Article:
Any facility manager responsible for a facility that must assemble orders has needed to slot their product offerings to facility picking orders within their warehouse, simply by the act of consciously deciding where items are stored with the facility to allow for order assembly. The slotting of the simplest manual stock room usually focuses on either similar product together, or placed on shelving set up to accommodate the product stored within it by common size or other characteristic. With the advent of electronic locator systems, product could easily be found based on the computer system knowing what pallet location, bin, shelf or flow rack position each particular item was placed in when received and put away. Now items are stored and retrieved not with an overarching manual system (i.e., alphabetically or by product type) but by any definable storage strategy able to increase the productivity, throughput or storage density of a facility. One of the most prevalent slotting strategies to facilitate productive order assembly became velocity sensitive slotting, and for very good reason.
Velocity slotting, in its simplest form, is slotting those items most frequently accessed in the warehouse in the most accessible locations in the warehouse. In a conventional order picking operation, this usually reduces the distance a warehouse picker must travel to assemble an order and increases their productivity by reducing the nonvalue-added distance traveled between picks. Velocity slotting aims to increase the number of orders assembled per labor hour spent in the warehouse. Understanding what items are in the greatest demand and positioning them in a common pick area (as well as positioning items rarely accessed further away from the most accessible areas of the distribution center) will achieve just that.
There are some pitfalls to velocity slotting. An operation can velocity slot too effectively. This drives too much picking activity into too small an area. Instead of resulting in pick efficiencies, this creates multiple issues for the operation's effectiveness. First is a loss of productivity as pickers vie to reach the same location and literally get in each other's way. The inevitable waiting drives productivity down.
Second, the delay not only reduces the picking productivity but increases the cycle time for any order requiring product from the now too-dense picking area. The increase in cycle time (the time it takes to complete an order) diminishes the responsiveness of a picking operation to customer demands and can reduce competitive advantage if rapid cycle time differentiates suppliers within the business' customer base.
Finally, velocity slotting product based on how rapidly items move may result in no real picking efficiency at all. If an operation utilizes discrete order picking and has a large number of line items on their typical order, velocity slotting may not yield any real savings in travel distance over the course of the order's pick path. If an average order has at least one item from the slowest moving group of products, it will drive a picker to travel far afield to where the slower moving items have been slotted in a velocity slotted environment. This is the case in many operations with a large line count per order - at least one line item on many orders is a slow moving item, driving a picker to travel all of the distance velocity slotting is intended to reduce. If this is the case in a given operation, velocity slotting is still effective if the order pick process allows for parallel picking and consolidation. This approach allows for picking all of the slower moving items for a group of orders in one pass and then consolidating them with the faster moving orders that have been discretely picked. You must compare the extra handling entailed in the consolidation process to complete the orders with the extra distance otherwise traveled, and pursue the least costly approach.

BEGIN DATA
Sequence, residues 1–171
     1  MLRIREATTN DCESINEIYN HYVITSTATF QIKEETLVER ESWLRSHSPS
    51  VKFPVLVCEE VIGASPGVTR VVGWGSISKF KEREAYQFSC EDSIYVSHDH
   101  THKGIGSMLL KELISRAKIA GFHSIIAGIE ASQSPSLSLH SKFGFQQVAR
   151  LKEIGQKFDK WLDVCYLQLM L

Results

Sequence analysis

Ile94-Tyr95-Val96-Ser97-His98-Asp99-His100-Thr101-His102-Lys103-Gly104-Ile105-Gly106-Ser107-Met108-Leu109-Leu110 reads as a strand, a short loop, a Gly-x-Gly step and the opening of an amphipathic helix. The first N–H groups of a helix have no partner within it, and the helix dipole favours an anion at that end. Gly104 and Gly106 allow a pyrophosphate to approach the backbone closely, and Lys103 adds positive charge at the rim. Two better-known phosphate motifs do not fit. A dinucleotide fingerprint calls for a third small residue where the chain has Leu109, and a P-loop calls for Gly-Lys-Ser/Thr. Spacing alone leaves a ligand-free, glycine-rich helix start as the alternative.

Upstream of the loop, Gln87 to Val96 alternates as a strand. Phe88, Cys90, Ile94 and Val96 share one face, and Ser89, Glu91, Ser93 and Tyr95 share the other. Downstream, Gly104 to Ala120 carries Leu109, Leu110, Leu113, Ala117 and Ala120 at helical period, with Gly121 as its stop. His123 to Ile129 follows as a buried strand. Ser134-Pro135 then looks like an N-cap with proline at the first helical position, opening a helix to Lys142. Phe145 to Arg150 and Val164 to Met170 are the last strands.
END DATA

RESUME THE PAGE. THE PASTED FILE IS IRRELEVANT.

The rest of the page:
While velocity slotting is very effective, provided an operation avoids the potential pitfalls for embracing it, there are other slotting considerations that an operation ignores at its own peril. Some of these considerations enhance productivity further, while others offer value to the operation in entirely different areas.
One slotting characteristic that can offer significant productivity and order cycle time value is product affinity. Affinity refers to the tendency of one ordering one particular item with another specific item. For example, when peanut butter is on a customer order, jelly may be on that same order nine out of 10 times. There is tremendous value in understanding this phenomenon in an operation's order characteristics and then slotting the items within that operation accordingly. If items with this type of affinity can be slotted within close proximity to each other, it will have a very similar effect to velocity slotting — it will reduce travel and order cycle time and increase productivity.
Customer order commonality slotting is an approach similar to slotting by affinity, albeit on a much broader and sometimes, though not always, less restrictive basis. Customer order commonality slots product based on an analysis of customer orders, which identifies major customers or groups of customers who tend to order the same items. For operations with sharply defined customer tendencies, you may subdivide the pick area by customer type. Manufacturers who distribute private label product for retailers are an extreme example of this sharp division. By definition, if I manufacture a group of products only for Walmart and slot all of those products in one area of my warehouse, then I will only need to travel that smaller footprint of my facility to assemble my Walmart order. Even operations without such perfectly defined customer order differentiation may be able to make use of customer order commonality analysis, with, for example, one pick area facing up products for customers who order foreign car parts and accessories, and another area set up for domestic makes. Done well, the dual areas can also serve as an optimized larger pick area for customers who order both foreign and domestic parts.